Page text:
What I Want You to Understand as a Man With Suicidal Thoughts
If you experience suicidal thoughts, the following post could be potentially triggering. You can contact the Crisis Text Line by texting “START” to 741741.
Many cannot understand why someone would take their own life. Some of us, on the other hand, totally understand feeling the need to give up. At that point, all you are able to think about is ending your pain, not about those around you. That being said, don’t call them “selfish.” That’s what it may look from the outside, but you’re wrong. It’s very easy to pass judgment but if you’ve never been in those shoes, keep it to yourself.
How do you escape your own mind? Distractions only get you so far; it’s not like you can just hang up, block or unfriend someone. It’s easy to say, “Well, just don’t believe all the negative thoughts, just ignore them.” When it’s all the time, though, it’s occasionally just easier to listen to those voices and not fight against them. It’s exhausting to battle every day but some just give up.
Luckily, my angels are stronger than my demons. Understand this is part of the illness. Even though it’s invisible, it’s very real.
Let’s make something clear first: I’m not a danger to myself or to anyone else. I’m not looking for sympathy or pity, just to raise awareness and to hopefully make a few people understand.
I have suicidal thoughts pretty regularly. That being said, it’s not as cut-and-dried an issue as you may think. A small percentage of us have suicidal ideation. It’s one of the symptoms of bipolar disorder and depression.
I didn’t understand what was going on until after being diagnosed with bipolar disorder at the age of 30. Coming to terms with the diagnosis and daily medication has been a long process. Even 18 years later, I still occasionally have a difficult time dealing with this reality. My doctors are well aware and we’ve tried to find answers.
Is it better? Yes, absolutely, but it’s an illness that will never go away fully. Understand though, I’m not an active participant in suicidal thoughts. They come from a far off place, even when the day is going great. Even with friends and family around, enjoying being in the moment, they will hit like a giant rogue wave. You may never see it coming and it hits you from behind. At times you know it’s coming; you just can’t see it until it’s overhead and washes over you. It’s a temporary feeling but still frustrating.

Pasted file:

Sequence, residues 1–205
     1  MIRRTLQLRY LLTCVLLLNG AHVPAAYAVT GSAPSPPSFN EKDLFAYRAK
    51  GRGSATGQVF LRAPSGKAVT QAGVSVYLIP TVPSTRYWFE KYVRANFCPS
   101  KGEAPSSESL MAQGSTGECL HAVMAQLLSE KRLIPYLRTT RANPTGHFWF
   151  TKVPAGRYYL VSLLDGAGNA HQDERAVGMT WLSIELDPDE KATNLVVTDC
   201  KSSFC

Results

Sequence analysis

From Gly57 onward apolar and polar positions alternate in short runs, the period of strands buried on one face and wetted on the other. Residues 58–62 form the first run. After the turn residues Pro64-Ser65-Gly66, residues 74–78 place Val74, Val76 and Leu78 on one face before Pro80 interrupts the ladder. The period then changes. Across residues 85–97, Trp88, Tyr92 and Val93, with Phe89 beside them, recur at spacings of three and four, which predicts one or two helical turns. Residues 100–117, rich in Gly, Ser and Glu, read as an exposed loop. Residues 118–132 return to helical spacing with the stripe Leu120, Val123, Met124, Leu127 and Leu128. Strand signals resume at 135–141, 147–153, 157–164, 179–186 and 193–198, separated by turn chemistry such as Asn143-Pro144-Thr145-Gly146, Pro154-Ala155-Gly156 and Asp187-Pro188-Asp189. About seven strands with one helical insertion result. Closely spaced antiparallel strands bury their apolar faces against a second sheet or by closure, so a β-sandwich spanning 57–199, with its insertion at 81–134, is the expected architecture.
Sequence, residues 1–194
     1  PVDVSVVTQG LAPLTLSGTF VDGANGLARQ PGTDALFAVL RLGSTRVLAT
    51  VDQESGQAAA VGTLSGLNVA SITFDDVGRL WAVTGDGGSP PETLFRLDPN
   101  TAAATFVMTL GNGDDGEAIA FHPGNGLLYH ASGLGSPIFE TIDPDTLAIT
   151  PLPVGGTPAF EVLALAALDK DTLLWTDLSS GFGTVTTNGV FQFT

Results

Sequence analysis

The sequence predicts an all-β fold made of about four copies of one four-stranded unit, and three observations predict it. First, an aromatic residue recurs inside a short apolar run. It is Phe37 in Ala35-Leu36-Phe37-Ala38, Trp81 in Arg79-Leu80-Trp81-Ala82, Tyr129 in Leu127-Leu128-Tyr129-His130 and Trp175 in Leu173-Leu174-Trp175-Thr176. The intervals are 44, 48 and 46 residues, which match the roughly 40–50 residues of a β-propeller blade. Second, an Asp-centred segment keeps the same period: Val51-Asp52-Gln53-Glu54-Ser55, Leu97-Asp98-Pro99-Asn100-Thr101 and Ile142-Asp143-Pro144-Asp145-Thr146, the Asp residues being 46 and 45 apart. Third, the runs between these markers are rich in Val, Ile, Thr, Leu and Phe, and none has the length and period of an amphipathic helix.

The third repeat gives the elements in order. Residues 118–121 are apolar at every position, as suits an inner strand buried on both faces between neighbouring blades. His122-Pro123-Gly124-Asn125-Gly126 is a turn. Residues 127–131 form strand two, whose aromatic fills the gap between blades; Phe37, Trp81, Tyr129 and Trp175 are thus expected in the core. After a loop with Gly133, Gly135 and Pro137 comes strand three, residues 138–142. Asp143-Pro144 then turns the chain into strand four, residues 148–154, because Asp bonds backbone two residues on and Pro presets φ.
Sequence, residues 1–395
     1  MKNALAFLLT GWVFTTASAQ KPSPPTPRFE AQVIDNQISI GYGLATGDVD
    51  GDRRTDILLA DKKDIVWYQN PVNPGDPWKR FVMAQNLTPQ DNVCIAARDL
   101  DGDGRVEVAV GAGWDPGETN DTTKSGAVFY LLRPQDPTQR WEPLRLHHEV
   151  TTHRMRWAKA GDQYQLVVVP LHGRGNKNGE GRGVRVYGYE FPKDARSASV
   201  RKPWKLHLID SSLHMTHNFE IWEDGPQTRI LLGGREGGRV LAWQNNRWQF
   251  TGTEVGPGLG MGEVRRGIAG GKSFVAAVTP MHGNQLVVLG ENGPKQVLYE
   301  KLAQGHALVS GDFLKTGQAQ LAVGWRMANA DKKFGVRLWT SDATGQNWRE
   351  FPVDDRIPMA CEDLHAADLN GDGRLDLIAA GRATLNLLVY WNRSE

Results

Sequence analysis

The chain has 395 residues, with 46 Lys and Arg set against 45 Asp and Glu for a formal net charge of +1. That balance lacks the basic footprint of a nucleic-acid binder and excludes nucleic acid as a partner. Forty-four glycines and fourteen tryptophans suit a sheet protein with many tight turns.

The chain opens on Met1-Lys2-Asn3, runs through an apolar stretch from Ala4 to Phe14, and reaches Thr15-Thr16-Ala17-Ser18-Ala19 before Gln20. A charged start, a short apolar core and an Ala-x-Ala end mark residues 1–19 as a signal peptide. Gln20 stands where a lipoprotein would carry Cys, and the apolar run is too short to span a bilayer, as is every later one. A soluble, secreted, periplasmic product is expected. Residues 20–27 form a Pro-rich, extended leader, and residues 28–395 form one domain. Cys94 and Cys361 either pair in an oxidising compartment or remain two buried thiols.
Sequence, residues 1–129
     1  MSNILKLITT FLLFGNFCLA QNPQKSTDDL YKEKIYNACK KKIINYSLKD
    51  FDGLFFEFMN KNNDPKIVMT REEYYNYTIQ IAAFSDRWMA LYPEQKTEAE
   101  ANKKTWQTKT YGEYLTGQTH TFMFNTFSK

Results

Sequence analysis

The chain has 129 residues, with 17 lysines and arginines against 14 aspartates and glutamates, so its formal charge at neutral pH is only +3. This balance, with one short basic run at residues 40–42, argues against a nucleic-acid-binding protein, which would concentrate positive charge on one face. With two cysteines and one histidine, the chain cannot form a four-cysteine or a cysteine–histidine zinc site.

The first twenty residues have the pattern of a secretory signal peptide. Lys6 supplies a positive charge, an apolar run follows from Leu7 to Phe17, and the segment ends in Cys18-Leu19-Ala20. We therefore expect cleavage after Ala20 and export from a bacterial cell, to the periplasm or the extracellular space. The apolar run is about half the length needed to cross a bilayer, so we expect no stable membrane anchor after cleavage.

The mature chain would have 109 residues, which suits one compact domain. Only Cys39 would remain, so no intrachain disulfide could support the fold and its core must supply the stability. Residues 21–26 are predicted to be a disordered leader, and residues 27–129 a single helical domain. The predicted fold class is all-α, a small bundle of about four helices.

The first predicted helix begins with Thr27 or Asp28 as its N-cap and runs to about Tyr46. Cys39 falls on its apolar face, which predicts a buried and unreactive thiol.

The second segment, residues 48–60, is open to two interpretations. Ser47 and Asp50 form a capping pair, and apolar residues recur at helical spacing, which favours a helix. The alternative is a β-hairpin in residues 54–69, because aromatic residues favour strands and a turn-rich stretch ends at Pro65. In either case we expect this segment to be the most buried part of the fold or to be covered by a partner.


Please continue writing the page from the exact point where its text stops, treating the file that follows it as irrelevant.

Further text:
These thoughts also come in the form of self-harm, which is another topic of discussion and misunderstanding.
Be someone’s beacon of light, educate yourself, but most of all love one another. This is a hard conversation to have, but it needs to be expressed to help those who are surrounded by darkness. Make it easier for people to come forward to ask for help. Would you rather be the person that a friend or family member can come to for a kind word and support, or be blindsided with that terrible phone call?
To the people who are fighting every day to stay afloat: keep going. Many of us understand the pain, emptiness and darkness you endure. You are not alone like you may believe. Your life matters. It’s easy to be silent, but your voice matters. Your presence here on this earth speaks volumes.
If you or someone you know needs help, visit our suicide prevention resources page.
If you need support right now, call the National Suicide Prevention Lifeline at 1-800-273-8255, the Trevor Project at 1-866-488-7386 or reach the Crisis Text Line by texting “START” to 741741.
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